*ï¿½This essay is based, in part, on a paper given to the Royal Holland Society of Sciences and Humanities at their 250 th anniversary symposium in Haarlem in May 2002: “Maps of Time: Human History and Terrestrial History” in Symposium ter Gelegenheid van het 250-jarig Jubileum, Koninklijke Hollandsche Maatschappij der Wetenschappen: Haarlem, 2002. My thanks to the Society for permission to reproduce some passages from that paper.
1ï¿½Joyce Appleby, Lynn Hunt, and Margaret Jacob, Telling the Truth about History (New York and London: W. W. Norton, 1995), p.9.
2ï¿½Exceptions include William H. McNeill, whose article “History and the Scientific Worldview,” in History and Theory, 37, no.1 (1998): 1–13, places world history within the context of other historical sciences, including biology and cosmology; and Fred Spier, The Structure of Big History: From the Big Bang until Today (Amsterdam: Amsterdam University Press, 1996). There have also been some remarkable books by scientists that set human history in its cosmological context; they include Nigel Calder’s remarkable chronology Time-scale: An Atlas of the Fourth Dimension (London: Chatto and Windus, 1983) and John Gribbin, Genesis: The Origins of Man and the Universe (New York: Delta, 1981), both of which are now slightly dated. Fred Spier has compiled a fuller bibliography of such works by historians and scientists. It can be found at <http://www.i2o.uva.nl/inhoud/engels/bighistorybooks.htm>.
3ï¿½I owe these analogies to the late David Allen of the Anglo-Australian Observatory in Sydney and Coonabarabran, Australia.
4ï¿½The universe may be even larger than it appears. The theory of inflation asserts that, for a fraction of a second, just after the moment of creation, the universe expanded faster than the speed of light. If so, the real universe may be much bigger than the portion we can observe: “If the entirety of an inflationary universe were the surface of the earth, the observable part would be smaller than a proton.” Timothy Ferris, The Whole Shebang: A State-of-the-Universe(s) Report (New York: Simon & Schuster, 1998), p.78. Dmitri Linde’s notion of “chaotic inflation” even considers the possibility that there may have been multiple Big Bangs, each producing a new universe. See Ferris, The Whole Shebang, pp. 258–264. In a similar vein, Lee Smolin has argued that we may live “in a continually growing community of ‘universes,’ each one of which is born from an explosion following the collapse of a star to a black hole.” Lee Smolin, The Life of the Cosmos (London: Phoenix, 1998), p.110.
5ï¿½Evidence from the Wilkinson Microwave Anisotropy Probe (WMAP) released by NASA in February 2003 implies that the Big Bang occurred about 13.7 billion years ago. This is the most precise date calculated so far for the origin of our Universe. See <http://map.gsfc.nasa.gov/m_mm/mr_age.html>.
6ï¿½Eric J. Chaisson, Cosmic Evolution: The Rise of Complexity in Nature (Cambridge, Mass.: Harvard University Press, 2001), p.13. As Chaisson points out, there are many subtle problems in defining complexity or order. One, which can be disposed of immediately, is that there are two very different types of order. One is the order of a system that is stable because it is close to equilibrium, and requires no more energy to maintain its present condition, such as the position of a billiard ball that has dropped into a pocket. This essay is concerned with a different type of order, which arises in conditions very far from equilibrium, and requires a constant throughput of energy, such as a whirlpool. (The distinction is described well in Stuart Kauffman, At Home in the Universe: The Search for Laws of Complexity [Harmondsworth: Viking, 1995], p.20.)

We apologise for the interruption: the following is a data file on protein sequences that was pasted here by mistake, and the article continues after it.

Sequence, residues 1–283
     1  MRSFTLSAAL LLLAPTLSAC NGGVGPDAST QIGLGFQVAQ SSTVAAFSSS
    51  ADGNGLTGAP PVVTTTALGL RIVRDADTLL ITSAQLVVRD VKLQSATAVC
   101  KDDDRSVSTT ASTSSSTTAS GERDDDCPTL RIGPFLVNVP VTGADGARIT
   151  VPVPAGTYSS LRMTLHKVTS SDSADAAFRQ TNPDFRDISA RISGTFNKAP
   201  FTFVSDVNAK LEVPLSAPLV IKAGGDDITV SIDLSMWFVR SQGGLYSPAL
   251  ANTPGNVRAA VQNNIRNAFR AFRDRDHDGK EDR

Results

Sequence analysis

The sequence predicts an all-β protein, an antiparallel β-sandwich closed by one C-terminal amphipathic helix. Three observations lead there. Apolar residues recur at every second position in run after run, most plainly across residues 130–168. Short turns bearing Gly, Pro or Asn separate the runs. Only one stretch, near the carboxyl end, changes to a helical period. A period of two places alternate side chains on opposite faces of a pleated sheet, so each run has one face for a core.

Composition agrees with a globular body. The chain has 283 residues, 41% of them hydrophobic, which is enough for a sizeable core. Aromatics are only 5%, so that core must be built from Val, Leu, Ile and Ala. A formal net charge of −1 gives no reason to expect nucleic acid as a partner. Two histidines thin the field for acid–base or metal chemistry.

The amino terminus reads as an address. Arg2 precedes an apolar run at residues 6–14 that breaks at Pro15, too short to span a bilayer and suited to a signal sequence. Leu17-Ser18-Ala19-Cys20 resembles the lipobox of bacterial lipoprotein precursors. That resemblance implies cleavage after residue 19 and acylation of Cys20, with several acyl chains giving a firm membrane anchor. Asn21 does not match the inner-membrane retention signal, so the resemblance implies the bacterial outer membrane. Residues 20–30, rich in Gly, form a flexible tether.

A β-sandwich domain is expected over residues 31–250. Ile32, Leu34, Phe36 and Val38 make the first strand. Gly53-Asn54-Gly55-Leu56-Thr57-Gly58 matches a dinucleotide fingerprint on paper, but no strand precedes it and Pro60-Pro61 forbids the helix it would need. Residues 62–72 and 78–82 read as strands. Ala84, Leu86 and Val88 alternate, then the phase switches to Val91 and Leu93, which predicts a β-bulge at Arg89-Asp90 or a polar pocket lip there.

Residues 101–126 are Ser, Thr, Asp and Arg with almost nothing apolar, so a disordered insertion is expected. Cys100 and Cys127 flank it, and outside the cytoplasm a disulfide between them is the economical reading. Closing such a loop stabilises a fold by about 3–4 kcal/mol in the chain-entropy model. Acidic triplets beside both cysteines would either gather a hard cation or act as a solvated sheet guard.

7ï¿½Kauffman, At Home in the Universe, pp.9–10.
8ï¿½Ilya Prigogine and Isabelle Stengers have described complex structures as “dissipative” systems because of the huge amounts of energy that they use and then dissipate into their surroundings. They also argue that the appearance of ordered structures is quite likely under conditions far from equilibrium. “In far-from-equilibrium conditions we may have transformation from disorder … into order.” Ilya Prigogine and Isabelle Stengers, Order out of Chaos: Man’s New Dialogue with Nature (Glasgow: William Collins, 1984), p.12.
9ï¿½Chaisson, Cosmic Evolution, pp.11–14, discusses other scientists who have held this view; for a robust statement of this position from a biologist’s point of view, see J. Maynard Smith and E. Szathmáry, The Origins of Life: From the Birth of Life to the Origins of Language (Oxford: Oxford University Press, 1999). The late Stephen Jay Gould was a dissenter on this, as on so many other biological orthodoxies. See Full House: The Spread of Excellence from Plato to Darwin (New York: Harmony Books, 1996).
10ï¿½Chaisson, Cosmic Evolution, p.139.
11ï¿½Martin Rees, “Exploring Our Universe and Others,” Scientific American 281, no.6 (Dec. 1999): 46.
12ï¿½Marvin Harris, Culture, People, Nature: An Introduction to General Anthropology, 5th ed. (New York: Harper & Row, 1988), p.155; Harris’s chapter on language is a good introduction to the linguistic revolution that lies at the origins of human history.
13ï¿½A. J. McMichael, Planetary Overload: Global Environmental Change and the Health of the Human Species (Cambridge: Cambridge Univeristy Press, 1993), p.34.
14ï¿½Sally McBrearty and Alison S. Brooks, “The Revolution That Wasn’t: A New Interpretation of the Origin of Modern Human Behaviour,” Journal of Human Evolution 39 (2000): 453–563.